The HD 650s are currently available for about $500.
Bid welcome to the Sennheiser HD 650s.
The HD 650s are open-backed headphones, which is obvious if you look at the outside of the ear cups. You can see the headphones' innards clearly through the external grating.
The underside of the cups is where the cord attaches.
The underside of the band has padding with a divot at the top to allow the band to bend without scrunching up the pads.
The headphones come with a Y-style cable that's over 9 feet long.
Here's a close-up of the plugs that affix the cable to the ear cups.
In the box you'll find a storage case and an 1/8-inch adapter.
The HD 650s seem to be a pretty durable set of headphones overall, with very specific strengths and weaknesses. On the plus side, the cord is thick (a plus on at-home headphones, but makes them less portable) and also removable. If the cord gets damaged, just swap it out for a new one.
On the negative end, the HD 650s have an open-backed design. While open backs do some nice things for sound quality, it lets dust get into the guts of the headphone very easily. Further, the grating isn't particularly sturdy, and will probably dent if it fell off your desk. Unless your desk is several hundred feet above ground, the dent will likely just be an aesthetic issue.
These negative features are very minor in relation to the overall construction of the headphones, however. While some dust can flow through the grates, there's a felt guard to protect the important bits. In general, the HD 650s are a sturdy set of headphones.
We like the looks of the Sennheiser HD 650s, but their unique look certainly won't be for everyone. The large oval grating on the outside of the ear cups is functional, of course, but also creates an interesting look. The headphones are over-ears, which might look a bit large on your head if you're not used to them. The greyscale paint job doesn't create much of an aesthetic draw. While this might make them a bit boring to some, it also makes them work-appropriate (if you are planning on using these at work, we have to warn you: they leak like crazy, so you'll have to keep your volume down if you don't want to be the office boom box).
The HD 650s had an average frequency response. As you can see, the headphones have an average response in the bass end, but gradually fall off towards the high-end. The response becomes slightly erratic as well, leading it to dip slightly below the bottom limit a few times by varying amounts.
While the HD 650s didn't have a perfect response, they still did pretty well. They never went drastically far outside our set limits and there weren't any sharp volume changes across small frequency bands.
The HD 650s have a 1/4-inch plug but come with an 1/8-inch adapter.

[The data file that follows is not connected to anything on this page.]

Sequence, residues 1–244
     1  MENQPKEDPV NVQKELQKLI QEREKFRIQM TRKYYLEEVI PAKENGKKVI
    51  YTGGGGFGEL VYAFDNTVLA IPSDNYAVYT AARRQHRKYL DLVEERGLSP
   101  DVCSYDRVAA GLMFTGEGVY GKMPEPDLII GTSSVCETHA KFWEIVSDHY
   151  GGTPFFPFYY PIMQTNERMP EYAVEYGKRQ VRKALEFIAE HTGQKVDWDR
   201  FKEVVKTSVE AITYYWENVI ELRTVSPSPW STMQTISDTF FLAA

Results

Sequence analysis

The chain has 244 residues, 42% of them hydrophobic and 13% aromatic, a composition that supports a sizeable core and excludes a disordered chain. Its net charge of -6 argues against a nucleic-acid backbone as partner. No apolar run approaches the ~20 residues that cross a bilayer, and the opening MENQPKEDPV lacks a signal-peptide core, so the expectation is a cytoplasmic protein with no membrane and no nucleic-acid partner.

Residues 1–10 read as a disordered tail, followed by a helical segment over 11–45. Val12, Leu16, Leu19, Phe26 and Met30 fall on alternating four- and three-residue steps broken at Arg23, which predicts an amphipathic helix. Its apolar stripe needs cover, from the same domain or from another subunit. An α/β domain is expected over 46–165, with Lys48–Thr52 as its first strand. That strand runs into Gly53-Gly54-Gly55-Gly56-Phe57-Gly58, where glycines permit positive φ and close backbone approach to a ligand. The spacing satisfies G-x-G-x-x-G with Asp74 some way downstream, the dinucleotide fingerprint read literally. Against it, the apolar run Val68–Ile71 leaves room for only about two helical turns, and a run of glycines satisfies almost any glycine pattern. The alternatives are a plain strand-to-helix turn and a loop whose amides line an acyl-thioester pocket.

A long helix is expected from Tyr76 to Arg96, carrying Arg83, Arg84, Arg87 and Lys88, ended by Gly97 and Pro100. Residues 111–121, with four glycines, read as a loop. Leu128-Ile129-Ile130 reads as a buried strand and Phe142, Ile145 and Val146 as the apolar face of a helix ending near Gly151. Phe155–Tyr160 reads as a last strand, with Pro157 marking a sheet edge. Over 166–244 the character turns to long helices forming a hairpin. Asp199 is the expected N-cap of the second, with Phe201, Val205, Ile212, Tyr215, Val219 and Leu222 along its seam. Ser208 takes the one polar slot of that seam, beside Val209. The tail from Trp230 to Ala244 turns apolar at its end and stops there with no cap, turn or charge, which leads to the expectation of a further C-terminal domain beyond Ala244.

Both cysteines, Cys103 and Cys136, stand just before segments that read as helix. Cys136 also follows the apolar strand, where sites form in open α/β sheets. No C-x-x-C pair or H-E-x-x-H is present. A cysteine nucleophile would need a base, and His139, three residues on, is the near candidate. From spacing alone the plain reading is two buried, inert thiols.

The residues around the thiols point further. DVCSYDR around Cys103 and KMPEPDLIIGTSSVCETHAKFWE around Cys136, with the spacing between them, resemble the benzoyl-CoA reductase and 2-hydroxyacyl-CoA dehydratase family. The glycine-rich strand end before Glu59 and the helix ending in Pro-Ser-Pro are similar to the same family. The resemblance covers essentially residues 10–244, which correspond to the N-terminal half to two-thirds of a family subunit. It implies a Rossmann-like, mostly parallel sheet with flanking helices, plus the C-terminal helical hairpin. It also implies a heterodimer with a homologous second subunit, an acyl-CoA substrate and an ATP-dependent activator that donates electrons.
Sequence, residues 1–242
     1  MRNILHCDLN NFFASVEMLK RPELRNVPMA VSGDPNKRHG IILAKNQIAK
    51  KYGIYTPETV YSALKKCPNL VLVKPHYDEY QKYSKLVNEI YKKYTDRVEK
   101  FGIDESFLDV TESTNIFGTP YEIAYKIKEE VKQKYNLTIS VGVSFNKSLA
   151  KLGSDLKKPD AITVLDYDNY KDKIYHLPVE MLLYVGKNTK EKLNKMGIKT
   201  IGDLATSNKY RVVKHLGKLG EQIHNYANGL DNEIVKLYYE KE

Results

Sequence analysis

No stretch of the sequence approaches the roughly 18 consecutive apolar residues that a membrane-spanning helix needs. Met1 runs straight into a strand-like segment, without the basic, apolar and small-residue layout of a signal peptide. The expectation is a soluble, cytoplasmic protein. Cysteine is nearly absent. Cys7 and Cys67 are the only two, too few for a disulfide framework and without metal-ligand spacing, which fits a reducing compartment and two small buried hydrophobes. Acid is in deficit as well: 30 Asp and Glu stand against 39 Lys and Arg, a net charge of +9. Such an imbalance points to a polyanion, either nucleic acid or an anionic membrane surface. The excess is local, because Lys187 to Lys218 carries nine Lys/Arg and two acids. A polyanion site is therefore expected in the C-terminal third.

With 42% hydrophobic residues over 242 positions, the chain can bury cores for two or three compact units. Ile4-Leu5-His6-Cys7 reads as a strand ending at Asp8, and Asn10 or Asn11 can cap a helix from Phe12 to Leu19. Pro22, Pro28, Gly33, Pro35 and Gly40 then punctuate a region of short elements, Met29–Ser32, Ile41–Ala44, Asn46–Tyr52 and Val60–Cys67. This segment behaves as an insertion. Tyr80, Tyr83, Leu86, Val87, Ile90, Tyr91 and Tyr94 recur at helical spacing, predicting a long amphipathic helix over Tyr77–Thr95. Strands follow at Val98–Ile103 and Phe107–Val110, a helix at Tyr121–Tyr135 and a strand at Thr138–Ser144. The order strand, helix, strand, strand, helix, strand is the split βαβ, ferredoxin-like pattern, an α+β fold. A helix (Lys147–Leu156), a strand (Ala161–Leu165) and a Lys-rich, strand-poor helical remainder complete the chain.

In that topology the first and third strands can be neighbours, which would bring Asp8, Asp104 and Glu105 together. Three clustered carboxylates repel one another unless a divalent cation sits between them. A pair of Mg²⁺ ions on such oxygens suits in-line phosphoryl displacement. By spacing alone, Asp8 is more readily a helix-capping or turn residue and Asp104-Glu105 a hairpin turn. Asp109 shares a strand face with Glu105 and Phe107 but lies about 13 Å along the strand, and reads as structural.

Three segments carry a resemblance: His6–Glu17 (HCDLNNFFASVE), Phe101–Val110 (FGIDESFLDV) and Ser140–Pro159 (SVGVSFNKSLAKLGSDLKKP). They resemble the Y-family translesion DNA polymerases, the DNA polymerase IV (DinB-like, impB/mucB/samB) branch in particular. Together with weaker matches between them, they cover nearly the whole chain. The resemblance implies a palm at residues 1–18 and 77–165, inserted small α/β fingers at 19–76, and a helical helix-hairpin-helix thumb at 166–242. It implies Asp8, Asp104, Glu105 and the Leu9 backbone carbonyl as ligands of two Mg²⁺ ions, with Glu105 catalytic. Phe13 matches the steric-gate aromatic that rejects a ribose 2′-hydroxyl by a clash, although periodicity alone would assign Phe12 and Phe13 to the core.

These aren't portable headphones in any sense. First of all, they're large; if they're not no your head, you'll need a separate bag or container to carry them since there's no way they'd fit in your pocket. Also, the thick, long cord is simply unwieldy, taking up a significant amount of pocket space.
The headphones do come with a case, but it doesn't help you port them around much. There's no latch to it, so it's really better used as a storage device.
There's not an awful lot you can do for headphone maintenance. You can take off the padding, but that doesn't really get you to anything worth repairing. You can't remove the grating, so if the back of the headphones get dusty you'll have to rely on compressed air. The one positive maintenance feature is the removable cord. If the cord should succumb to wear and tear in some way, you can cheaply replace it with a new one.
The HD 650s don't require batteries, so they get some points here. This is because batteries are annoying. They require you to maintain an additional power source, either by recharging or replacing the batteries. If your iPod still has juice, you should be able to listen to music with them.
The HD 650s have better aesthetics and durability. The HD 555s are very plasticky and don't inspire a lot of confidence in their ruggedness. The HD 650s have a much more solid construction.
HEY, READ THIS: We have to start this section with a caveat. See, the HD 555 was one of the first headphones we ever tested (oh, nostalgia), so the graph extends all the way down to 20Hz. We stopped showing that part of the graph because our testing rig isn't 100% accurate for that range. Just disregard the bit below 100Hz and you'll be fine.
The HD 650s gain a tiny advantage on frequency response. The HD 555 had a slightly more erratic high end. The differences between the two are minor.
The HD 555s' graph is a bit misleading because, like the graph above, it includes data from the 20-100Hz range. Disregarding that chunk, you can see that the HD 555s still have slightly more low-end distortion than the HD 650s, but slightly less distortion overall. Basically, neither set of headphones has much distortion.
The HD 650 gets a solid advantage here with an even tracking. The HD 555 has some issues with the high end.
Neither set of headphones is a good choice if you're looking for isolation.
Both sets of headphones have very similar fit and padding type. They're about the same in terms of comfort.
While the HD 650s are a better set of headphones, they aren't better by all that much. Most of their advantages come in the form of subjective qualities, like clarity and a larger, more open soundstage. In terms of our testing, however, they're really similar. We recommend trying them on back-to-back and seeing if the HD 650s manage to strike you as worth the extra few hundred dollars.